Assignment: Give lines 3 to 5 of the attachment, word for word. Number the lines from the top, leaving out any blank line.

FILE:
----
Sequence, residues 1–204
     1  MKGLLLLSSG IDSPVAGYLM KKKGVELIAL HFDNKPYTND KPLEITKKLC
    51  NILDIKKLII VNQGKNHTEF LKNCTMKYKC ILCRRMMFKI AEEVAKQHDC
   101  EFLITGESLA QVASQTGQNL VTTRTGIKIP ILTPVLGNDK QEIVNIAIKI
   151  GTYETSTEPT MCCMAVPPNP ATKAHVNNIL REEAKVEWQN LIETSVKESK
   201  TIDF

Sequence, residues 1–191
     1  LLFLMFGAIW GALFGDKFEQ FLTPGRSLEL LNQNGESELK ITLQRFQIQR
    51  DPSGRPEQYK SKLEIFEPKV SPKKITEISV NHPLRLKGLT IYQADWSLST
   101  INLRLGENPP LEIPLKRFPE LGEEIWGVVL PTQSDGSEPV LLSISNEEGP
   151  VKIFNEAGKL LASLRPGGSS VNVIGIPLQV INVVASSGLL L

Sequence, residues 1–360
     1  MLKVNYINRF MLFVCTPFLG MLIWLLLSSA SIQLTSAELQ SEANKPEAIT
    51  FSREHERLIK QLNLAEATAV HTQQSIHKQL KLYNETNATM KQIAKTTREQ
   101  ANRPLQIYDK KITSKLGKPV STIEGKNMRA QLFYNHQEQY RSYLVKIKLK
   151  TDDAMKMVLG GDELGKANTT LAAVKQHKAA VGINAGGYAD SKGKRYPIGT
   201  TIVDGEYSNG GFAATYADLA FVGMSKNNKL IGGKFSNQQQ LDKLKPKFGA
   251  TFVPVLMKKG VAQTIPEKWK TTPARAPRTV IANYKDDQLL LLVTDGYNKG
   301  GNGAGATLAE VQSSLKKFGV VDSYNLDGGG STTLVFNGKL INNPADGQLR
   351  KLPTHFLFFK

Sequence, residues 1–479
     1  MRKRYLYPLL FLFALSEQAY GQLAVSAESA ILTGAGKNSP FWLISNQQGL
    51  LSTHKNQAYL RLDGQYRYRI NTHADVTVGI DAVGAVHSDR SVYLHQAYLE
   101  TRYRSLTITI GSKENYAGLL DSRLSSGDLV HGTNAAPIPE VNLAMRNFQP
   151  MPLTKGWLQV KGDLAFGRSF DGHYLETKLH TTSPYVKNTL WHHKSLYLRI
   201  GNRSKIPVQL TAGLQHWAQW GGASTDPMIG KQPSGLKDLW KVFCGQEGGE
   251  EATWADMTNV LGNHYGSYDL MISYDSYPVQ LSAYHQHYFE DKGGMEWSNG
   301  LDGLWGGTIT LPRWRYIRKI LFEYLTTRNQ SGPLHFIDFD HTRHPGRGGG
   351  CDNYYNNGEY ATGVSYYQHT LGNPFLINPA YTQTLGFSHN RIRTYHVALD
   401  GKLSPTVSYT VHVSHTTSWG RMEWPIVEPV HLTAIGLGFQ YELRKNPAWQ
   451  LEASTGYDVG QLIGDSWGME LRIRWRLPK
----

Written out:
    51  NILDIKKLII VNQGKNHTEF LKNCTMKYKC ILCRRMMFKI AEEVAKQHDC
   101  EFLITGESLA QVASQTGQNL VTTRTGIKIP ILTPVLGNDK QEIVNIAIKI
   151  GTYETSTEPT MCCMAVPPNP ATKAHVNNIL REEAKVEWQN LIETSVKESK